Flare on normal landing
Posted 13 September 2018 - 12:17
Posted 13 September 2018 - 20:42
One "problem" found in doing approaches to offshore oil platforms and drilling rigs is that the wind can be blowing like a mofo. This renders the ASI fairly irrelevant. You have to be able to shoot an approach without reference to it. A 30 knot approach into a 25 knot breeze will take a while. Obviously, an approach to an offshore structure in a very strong wind will require much more airspeed than usual. Sometimes you never even lose ETL until you roll the throttle off.
For nearly all of my 13 (happy) years with PHI I lived offshore during my "hitch." I used to laugh. I'd be sitting on one platform out in the GOM on a really windy day, and I'd see another ship (usually a shore-based pilot) landing on a nearby platform. The pilot would set up what looked to be an OGE hover as he tried to maintain his airspeed, creeping ever so slowly down to the platform. Obviously he hadn't figured out a way to do the approach using "rate of closure" as the criteria. And it was funny to me because we ALL are taught that "apparent walking speed" approach stuff. Obviously, some of us have a hard time grasping it or simply don't put it into practice and rely too much on the ASI.
- Wally, Mikemv and TomPPL like this
Posted 14 September 2018 - 16:03
What page of the HFH is that on, iChris? Might be better to point the OP directly at the source for all the context.
Hopefully, he already knows that information since all good flight instructors emphasize to their students the importance of the Practical Test Standards (PTS) from day one; however, sometimes that’s not the case.
The practical test standards are the fundamentals, the standards, there’s no secrets or mysteries it’s all referenced in the PTS. The instructor should have emphasized the importance and thoroughly indoctrinated him on this document.
The PTS covers the Practical Test Standard Concept, Use of the Practical Test Standards, Training References, Flight Instructor Responsibility, Examiner Responsibility, Satisfactory Performance, Unsatisfactory Performance, etc.
From page 1 PTS:
"The Flight Standards Service of the Federal Aviation Administration (FAA) has developed this practical test book as the standard to be used by FAA inspectors and designated pilot examiners when conducting pilot—rotorcraft practical tests. Flight instructors are expected to use this book when preparing applicants for practical tests. Applicants should be familiar with this book and refer to these standards during their training."
Any student pilot unaware of the PTS should contact their instructor.
B. TASK: NORMAL AND CROSSWIND APPROACH
REFERENCES: FAA-H-8083-21A; POH/RFM.
NOTE: If a calm wind weather condition exists, the applicant’s knowledge of the crosswind elements shall be evaluated through oral testing; otherwise a crosswind approach and landing shall be demonstrated.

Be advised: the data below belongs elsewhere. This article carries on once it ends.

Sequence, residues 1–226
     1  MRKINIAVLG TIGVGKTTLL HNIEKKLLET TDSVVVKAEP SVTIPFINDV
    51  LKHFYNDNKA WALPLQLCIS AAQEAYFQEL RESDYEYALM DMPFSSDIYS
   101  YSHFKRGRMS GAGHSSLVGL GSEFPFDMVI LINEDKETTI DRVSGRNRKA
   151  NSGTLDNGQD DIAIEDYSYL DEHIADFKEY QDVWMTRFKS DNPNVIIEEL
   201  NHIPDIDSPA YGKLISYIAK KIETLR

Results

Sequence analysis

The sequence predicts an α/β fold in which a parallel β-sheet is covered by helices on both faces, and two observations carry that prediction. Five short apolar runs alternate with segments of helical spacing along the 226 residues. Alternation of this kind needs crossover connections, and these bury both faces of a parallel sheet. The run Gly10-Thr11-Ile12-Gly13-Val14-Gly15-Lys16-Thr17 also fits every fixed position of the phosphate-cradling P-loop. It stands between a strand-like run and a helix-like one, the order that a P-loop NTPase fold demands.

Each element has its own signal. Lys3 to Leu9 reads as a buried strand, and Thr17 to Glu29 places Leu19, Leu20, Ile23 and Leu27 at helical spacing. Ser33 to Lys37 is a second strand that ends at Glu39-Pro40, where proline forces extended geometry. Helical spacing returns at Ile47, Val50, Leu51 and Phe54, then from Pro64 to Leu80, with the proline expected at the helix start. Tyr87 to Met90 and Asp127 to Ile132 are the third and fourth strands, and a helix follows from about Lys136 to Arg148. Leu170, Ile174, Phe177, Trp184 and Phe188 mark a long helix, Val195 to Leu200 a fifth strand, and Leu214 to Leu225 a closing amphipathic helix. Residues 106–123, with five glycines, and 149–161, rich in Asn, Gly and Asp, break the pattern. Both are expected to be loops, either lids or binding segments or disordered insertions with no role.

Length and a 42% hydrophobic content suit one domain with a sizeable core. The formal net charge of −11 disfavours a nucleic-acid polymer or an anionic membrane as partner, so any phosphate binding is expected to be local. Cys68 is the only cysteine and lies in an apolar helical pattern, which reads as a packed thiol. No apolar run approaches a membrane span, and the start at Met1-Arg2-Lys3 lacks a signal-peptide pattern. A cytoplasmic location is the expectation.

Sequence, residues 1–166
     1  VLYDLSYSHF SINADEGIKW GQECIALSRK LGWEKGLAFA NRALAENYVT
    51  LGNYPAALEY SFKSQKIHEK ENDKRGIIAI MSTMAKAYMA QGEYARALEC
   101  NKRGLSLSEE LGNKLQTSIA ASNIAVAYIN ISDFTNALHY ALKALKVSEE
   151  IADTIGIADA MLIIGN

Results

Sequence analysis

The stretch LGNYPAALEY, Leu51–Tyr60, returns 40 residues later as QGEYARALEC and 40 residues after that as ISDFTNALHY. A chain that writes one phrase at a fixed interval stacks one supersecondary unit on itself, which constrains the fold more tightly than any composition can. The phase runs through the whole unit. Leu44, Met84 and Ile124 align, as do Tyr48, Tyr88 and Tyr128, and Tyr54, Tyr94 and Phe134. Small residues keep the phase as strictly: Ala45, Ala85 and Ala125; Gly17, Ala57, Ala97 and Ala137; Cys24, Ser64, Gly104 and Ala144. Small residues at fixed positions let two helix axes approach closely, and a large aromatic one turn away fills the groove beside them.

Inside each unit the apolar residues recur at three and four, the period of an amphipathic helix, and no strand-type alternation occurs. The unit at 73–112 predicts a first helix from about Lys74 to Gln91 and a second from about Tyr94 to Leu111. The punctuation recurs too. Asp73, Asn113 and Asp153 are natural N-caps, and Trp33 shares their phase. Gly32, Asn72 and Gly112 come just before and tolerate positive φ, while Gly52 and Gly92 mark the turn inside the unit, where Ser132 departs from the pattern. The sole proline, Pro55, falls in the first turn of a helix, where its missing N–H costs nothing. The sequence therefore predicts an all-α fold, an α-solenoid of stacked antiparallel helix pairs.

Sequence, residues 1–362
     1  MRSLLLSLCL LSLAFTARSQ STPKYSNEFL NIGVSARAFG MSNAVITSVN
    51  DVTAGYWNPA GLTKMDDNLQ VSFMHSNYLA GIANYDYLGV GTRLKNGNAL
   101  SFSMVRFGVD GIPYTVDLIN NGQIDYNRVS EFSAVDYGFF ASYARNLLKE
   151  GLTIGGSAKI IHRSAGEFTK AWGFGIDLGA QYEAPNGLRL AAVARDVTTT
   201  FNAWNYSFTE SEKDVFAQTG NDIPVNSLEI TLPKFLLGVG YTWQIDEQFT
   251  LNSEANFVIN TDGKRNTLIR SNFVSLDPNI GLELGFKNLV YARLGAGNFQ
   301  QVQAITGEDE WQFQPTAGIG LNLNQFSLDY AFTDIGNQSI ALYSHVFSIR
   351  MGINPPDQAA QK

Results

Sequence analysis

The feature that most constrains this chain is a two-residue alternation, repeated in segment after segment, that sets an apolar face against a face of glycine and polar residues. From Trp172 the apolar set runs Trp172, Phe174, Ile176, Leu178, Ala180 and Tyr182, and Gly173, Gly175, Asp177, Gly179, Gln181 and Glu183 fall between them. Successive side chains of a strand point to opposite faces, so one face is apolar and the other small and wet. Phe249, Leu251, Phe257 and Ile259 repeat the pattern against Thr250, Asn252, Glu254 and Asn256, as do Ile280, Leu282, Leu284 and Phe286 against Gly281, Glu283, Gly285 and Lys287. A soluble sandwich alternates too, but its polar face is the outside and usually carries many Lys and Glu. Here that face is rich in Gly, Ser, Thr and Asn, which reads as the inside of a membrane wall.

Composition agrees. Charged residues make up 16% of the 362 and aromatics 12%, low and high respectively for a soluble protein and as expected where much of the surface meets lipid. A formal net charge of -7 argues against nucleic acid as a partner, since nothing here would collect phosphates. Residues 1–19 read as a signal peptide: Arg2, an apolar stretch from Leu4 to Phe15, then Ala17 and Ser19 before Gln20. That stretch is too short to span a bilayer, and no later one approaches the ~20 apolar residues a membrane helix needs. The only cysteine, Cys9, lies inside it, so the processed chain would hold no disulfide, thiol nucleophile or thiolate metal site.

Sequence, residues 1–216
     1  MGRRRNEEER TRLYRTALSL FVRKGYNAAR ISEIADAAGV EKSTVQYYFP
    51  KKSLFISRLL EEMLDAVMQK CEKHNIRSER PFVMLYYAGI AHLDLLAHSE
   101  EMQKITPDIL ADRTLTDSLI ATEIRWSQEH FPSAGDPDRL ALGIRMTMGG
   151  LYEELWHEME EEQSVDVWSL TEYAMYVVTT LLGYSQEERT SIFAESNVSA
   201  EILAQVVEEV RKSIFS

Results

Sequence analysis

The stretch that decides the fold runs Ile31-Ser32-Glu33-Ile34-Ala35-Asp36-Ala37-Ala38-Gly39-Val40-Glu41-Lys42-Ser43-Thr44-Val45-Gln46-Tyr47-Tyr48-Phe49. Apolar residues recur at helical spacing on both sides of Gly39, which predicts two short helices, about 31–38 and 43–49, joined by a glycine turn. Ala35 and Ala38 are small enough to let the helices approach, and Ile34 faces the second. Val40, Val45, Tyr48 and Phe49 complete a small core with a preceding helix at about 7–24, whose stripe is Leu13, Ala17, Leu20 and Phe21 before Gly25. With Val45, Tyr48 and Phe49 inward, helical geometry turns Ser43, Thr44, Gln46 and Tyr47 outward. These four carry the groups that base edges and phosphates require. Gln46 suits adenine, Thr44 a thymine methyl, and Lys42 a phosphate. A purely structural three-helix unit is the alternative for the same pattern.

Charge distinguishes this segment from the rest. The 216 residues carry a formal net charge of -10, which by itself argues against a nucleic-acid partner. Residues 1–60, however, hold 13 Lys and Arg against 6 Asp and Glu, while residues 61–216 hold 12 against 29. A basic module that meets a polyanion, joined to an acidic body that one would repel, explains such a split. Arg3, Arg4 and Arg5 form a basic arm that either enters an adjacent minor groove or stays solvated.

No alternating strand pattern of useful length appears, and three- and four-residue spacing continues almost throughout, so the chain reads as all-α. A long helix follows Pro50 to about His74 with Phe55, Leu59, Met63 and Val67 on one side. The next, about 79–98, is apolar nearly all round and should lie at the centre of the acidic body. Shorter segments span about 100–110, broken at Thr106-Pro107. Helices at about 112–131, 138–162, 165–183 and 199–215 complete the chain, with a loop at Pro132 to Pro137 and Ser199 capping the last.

Objective. To determine that the applicant:
Exhibits knowledge of the elements related to normal and crosswind approach.
Considers performance data, to include height/velocity information.
Considers the wind conditions, landing surface, and obstacles.
Selects a suitable touchdown point.
Establishes and maintains the normal approach angle, and proper rate of closure.
Remains aware of the possibility of wind shear and/or wake turbulence.
Avoids situations that may result in settling-with-power.
Maintains proper ground track with crosswind correction, if necessary.
Arrives over the touchdown point, on the surface or at a stabilized hover, ±4 feet.
Completes the prescribed checklist, if applicable.
Edited by iChris, 14 September 2018 - 16:13.
- TomPPL likes this
Posted 14 September 2018 - 21:19
Posted 14 September 2018 - 23:36
Hope I didn't give anyone the impression that my instructor was not training me in the normal way. The Helicopter Flying Handbook, the Practical Test Standards, and the R-22 POH all describe the correct way to perform the maneuver. We use those resources, of course, and naturally, that's how I do it when I fly.
The question just came up in my mind and after thinking about it for a while and researching it I couldn't come up with a convincing answer, which meant there was something I wasn't understanding about the procedure. It seems kind of like a dumb question now, I guess.
I really appreciate the help, it's pretty amazing that people are willing to share their experience. It's encouraging to see how many people still enjoy flying so much that they take the time to answer this kind of question!
- TomPPL and Nearly Retired like this
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